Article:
Nielsen Hayden genealogy

William Haute

Male Abt 1390 - 1462  (~ 72 years)


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  • Name William Haute  [1
    Born Abt 1390  of Bishopsbourne, Kent, England Find all individuals with events at this location  [2, 3, 4
    Gender Male 
    Alternate birth of Waddenhall, Kent, England Find all individuals with events at this location  [5
    Alternate birth 1390  [6
    Died Between 9 May 1462 and 4 Oct 1462  [6, 7, 8
    Alternate death Between 20 Sep 1462 and 4 Oct 1462  [9
    Buried Austin Friars, Canterbury, Kent, England Find all individuals with events at this location  [4
    Person ID I21541  Ancestry of PNH, TNH, and others | Ancestor of TWK
    Last Modified 21 Jul 2019 

    Father Nicholas Haute,   b. 21 Sep 1358, of Bishopsbourne, Kent, England Find all individuals with events at this location,   d. Between 31 May 1415 and 13 Jan 1417  (Age 56 years) 
    Mother Alice Cawne,   d. 11 Mar 1400 
    Married Abt 1389  [4
    Family ID F13103  Group Sheet  |  Family Chart

    Family Joan Woodville,   d. Bef 1462 
    Married Aft 18 Jul 1429  Calais, France Find all individuals with events at this location  [7, 10, 11
    Children 
    +1. Elizabeth Haute
    Last Modified 30 Dec 2018 
    Family ID F12790  Group Sheet  |  Family Chart

  • Notes 
    • Knight of the shire for Kent, 1419, 1429-30, and 1450-51. Sheriff of Kent, 16 Nov 1420 to 1 May 1422.

      A Sir William Hawte of Bishopsbourne, Kent (d. 1497) is accredited with three musical compositions: two settings of Bendicamus Domino (Magdalen College, Cambridge MS Pepys 1236) and a Stella celi extirpavit for three voices in B.L. MS Additional 5665 (the Ritson MS). It is unclear that this Sir William was a son of the William Haute of this entry. Grove Music Online, the digital descendant of the magisterial Grove Dictionary of Music, makes this claim, but shows no proof, and the William shown by Walter Goodwin Davis as son of this entry's William appears to have died before his father. It seems extremely probable, though, that the two Williams were close relatives. Carole M. Meale's article "The Manuscripts and Early Audience of the Middle English Prose Merlin" (in The Changing Face of Arthurian Romance: Essays on Arthurian Prose Romances in Memory of Cedric E. Pickford ed. Alison Adams, Armel H. Diverres, Karen Stern, and Kenneth Varty, D. S. Brewer, 1986) includes an overview of Haute family interests in literature: "[T]he unique surviving manuscript copy of the English translation of Christine de Pizan's Livre du Corps de Policie, CUL MS Kk. 1.5, bears the arms of the family on its opening page, as an integral part of the decoration. The translation has recently been attributed to Anthony Wydville and, taking into account the kinship of the Hautes and the Wydvilles, it may be no coincidence that the volume was in the possession of the former family. Arthurian literature, too, was associated in the late fifteenth century with the Hawtes; the well-known and beautifully produced volume of the French Vulgate romances, now B.L. MS Royal 14.E.III, was given to Elizabeth Wydville by 'Alyanor Haute,' neice to Sir Richard Roos, the presumed translator of Alain Chartier's poem La Belle Dame sans Merci and wife of the Richard Hawte who was executed with Anthony Wydville in 1483, who in turn is perhaps to be identified as the brother of the composer, Sir William." Finally, according to the Oxford Dictionary of National Biography, among the grandchildren of the William Haute of this entry was a churchman named Henry Haute (1474-1508), who at the time of his sudden death was working on a French translation of works by Erasmus and Pico della Mirandola.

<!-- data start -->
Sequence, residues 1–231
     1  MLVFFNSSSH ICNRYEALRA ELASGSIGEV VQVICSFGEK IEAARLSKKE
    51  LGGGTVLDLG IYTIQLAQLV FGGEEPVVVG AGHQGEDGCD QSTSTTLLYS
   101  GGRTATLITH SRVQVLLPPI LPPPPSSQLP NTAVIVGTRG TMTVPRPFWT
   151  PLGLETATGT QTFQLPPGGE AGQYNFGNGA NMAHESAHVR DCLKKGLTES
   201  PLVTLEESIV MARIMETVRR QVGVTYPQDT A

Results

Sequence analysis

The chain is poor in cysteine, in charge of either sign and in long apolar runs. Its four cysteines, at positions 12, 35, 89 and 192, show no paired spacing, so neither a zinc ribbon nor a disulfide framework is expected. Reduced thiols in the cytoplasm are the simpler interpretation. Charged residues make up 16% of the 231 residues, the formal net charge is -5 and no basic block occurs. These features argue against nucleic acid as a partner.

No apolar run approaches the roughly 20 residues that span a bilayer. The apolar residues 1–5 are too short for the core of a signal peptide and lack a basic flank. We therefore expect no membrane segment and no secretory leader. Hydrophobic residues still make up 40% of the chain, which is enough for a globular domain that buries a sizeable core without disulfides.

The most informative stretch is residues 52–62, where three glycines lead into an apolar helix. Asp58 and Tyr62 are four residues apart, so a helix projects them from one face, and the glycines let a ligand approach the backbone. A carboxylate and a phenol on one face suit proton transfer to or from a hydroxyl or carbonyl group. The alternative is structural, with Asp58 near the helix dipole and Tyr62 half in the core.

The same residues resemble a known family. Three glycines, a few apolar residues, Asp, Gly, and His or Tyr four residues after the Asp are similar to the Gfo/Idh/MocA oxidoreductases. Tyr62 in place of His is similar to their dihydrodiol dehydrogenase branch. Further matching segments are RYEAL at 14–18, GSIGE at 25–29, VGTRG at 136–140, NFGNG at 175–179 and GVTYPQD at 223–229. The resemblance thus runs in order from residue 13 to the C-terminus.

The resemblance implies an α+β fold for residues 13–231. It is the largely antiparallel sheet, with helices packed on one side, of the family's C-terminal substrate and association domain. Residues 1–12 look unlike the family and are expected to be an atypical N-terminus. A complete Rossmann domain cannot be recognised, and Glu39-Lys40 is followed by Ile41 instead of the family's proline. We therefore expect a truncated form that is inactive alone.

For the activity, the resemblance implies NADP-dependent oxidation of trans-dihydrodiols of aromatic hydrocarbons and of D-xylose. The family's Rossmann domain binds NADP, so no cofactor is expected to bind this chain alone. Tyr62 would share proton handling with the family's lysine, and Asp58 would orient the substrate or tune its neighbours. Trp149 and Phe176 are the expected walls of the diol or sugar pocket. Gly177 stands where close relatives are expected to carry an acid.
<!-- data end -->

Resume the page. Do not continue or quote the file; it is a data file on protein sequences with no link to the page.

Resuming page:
From the Oxford Dictionary of National Biography:

      William Haute [...] enjoyed the reputation of a capable soldier: he served in the duke of Gloucester's retinue for the Agincourt campaign in 1415, and he was appointed to his first two commissions of array in 1419 and 1420. He was also elected MP [for Kent] in 1419, and was appointed to the county bench in 1424, as well as serving a term as sheriff in 1420–21.